High-Risk Update—Emergency Preparedness
California Has Improved Its Emergency Preparedness
In our 2013 assessment of the high-risk issues facing the State, we identified the State’s emergency preparedness as a remaining area of high risk. Two key agencies—the California Department of Public Health (Public Health) and the California Governor’s Office of Emergency Services (Emergency Services)—lacked fully developed strategic plans and faced challenges in meeting some objectives.
We found the following in regard to issues we previously identified as posing a high risk to the State:
Public Health has sufficiently improved its level of emergency preparedness:
Emergency Services has sufficiently improved its emergency planning efforts:
The California Department of Public Health (Public Health) and the California Governor’s Office of Emergency Services (Emergency Services) have made progress in preparing the State for emergencies. Because of their improvements, we do not believe emergency preparedness at Public Health and Emergency Services should continue to be designated as a statewide high risk issue under our state high risk program.
In our September 2013 high risk report, we noted that Public Health did not have a fully developed strategic plan, and that the plan did not contain any specific performance measures with which to gauge its success in achieving the strategic plan’s goals. Public Health’s emergency preparedness office (preparedness office) is responsible for coordinating the planning and other efforts to prepare Californians for public health emergencies. Based on our current reassessment, Public Health has begun to use specific measures to monitor its progress toward achieving its objectives. For example, Public Health is measuring its emergency preparedness office’s progress in meeting an objective to train at least 48 employees in key positions on emergency response teams by December 31, 2016. In addition, Public Health has begun using an improved system for tracking the training provided to all of its employees. Furthermore, Public Health uses federal tools, such as an assessment of 23 capabilities, to assess its readiness for emergencies. Finally, over the past three years its federal funding has stabilized and Public Health reports that it is now able to sustain its emergency preparedness capabilities. Because of its progress on strategic planning, training, and sustained capabilities, we conclude that Public Health has sufficiently improved its level of emergency preparedness to warrant removal from our state high risk program.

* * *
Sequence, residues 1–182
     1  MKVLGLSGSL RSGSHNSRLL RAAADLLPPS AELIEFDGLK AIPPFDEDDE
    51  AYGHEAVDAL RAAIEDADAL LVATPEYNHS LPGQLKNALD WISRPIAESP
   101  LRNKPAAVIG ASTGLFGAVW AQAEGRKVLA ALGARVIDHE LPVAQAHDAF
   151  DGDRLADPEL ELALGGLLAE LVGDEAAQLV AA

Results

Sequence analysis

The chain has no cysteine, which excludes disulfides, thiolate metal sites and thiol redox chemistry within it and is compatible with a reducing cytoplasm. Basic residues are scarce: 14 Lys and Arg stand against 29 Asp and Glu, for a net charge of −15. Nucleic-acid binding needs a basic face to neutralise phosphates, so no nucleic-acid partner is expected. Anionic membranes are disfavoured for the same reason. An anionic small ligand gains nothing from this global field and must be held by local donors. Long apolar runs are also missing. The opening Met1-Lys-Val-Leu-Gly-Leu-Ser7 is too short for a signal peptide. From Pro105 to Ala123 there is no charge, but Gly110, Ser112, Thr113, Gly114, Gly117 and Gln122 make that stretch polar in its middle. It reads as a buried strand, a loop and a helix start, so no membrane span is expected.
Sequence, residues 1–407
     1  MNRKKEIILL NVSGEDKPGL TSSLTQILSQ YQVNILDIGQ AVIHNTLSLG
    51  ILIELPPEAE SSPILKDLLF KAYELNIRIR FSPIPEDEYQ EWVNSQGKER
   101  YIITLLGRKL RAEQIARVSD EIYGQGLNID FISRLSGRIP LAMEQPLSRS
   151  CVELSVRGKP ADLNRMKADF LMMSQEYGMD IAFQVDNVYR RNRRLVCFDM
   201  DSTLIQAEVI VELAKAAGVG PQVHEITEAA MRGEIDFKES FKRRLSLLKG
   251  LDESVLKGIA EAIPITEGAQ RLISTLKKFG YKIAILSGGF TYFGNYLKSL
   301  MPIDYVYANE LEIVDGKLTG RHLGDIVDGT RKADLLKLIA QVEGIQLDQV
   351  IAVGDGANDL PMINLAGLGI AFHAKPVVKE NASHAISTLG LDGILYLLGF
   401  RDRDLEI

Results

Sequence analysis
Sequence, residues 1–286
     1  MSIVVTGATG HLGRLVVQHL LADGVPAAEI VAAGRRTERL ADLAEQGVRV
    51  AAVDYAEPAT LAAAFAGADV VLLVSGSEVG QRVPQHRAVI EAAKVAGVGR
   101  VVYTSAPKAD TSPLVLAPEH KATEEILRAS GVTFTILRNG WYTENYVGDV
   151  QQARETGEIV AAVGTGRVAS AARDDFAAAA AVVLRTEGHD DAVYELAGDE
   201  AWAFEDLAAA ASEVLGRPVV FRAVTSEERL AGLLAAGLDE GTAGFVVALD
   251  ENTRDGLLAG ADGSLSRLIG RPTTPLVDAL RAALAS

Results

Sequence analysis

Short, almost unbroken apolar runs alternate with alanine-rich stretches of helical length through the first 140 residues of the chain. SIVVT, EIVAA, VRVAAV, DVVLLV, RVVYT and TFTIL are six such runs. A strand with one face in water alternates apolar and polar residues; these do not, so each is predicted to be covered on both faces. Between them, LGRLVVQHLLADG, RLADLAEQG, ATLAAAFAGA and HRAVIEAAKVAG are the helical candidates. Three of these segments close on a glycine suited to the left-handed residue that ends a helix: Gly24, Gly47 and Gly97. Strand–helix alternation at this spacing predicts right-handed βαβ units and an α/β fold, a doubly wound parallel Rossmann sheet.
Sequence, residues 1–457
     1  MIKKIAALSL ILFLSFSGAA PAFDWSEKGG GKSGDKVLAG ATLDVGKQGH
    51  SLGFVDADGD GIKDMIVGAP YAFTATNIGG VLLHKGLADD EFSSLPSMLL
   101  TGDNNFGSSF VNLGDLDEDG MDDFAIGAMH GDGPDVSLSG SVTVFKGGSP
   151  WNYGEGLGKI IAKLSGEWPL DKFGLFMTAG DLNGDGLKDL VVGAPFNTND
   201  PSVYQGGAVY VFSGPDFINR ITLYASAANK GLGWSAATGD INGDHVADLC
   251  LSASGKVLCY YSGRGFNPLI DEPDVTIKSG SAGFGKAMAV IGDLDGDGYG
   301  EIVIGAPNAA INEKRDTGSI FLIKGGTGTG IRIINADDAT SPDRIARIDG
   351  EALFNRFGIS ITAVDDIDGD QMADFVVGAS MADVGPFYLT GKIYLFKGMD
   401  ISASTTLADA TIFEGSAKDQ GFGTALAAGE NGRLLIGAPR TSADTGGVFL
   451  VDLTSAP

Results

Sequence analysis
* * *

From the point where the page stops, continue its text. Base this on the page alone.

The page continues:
At the time of our last high risk reassessment, Emergency Services was in a position similar to Public Health: still in the process of developing performance measures, planning to update its strategic plan, and creating a performance evaluation system. Emergency Services is now in a better position to fulfill its stated mission: to protect lives and property by preparing for, protecting against, responding to, recovering from, and mitigating the impacts of all hazards and threats. As of this update, Emergency Services has put in place clearly defined goals, which include plans to mitigate disasters throughout the State and strengthen its internal capabilities. To measure its progress toward achieving these goals, Emergency Services has developed detailed objectives and key performance indicators for its offices to report on regularly. In its first year of implementation, Emergency Services has reported on the status of almost 400 objectives. In addition, Emergency Services recently began reporting on some of its key performance indicators. For example, Emergency Services established an indicator measuring its Response and Recovery Branches’ overall success in completing branch objectives and found that 73 percent of the Response Branch’s 123 objectives and 78 percent of the Recovery Branch’s nine objectives were on time or completed. Based on its updated goals and progress measures, we conclude that Emergency Services has sufficiently improved its level of emergency preparedness.
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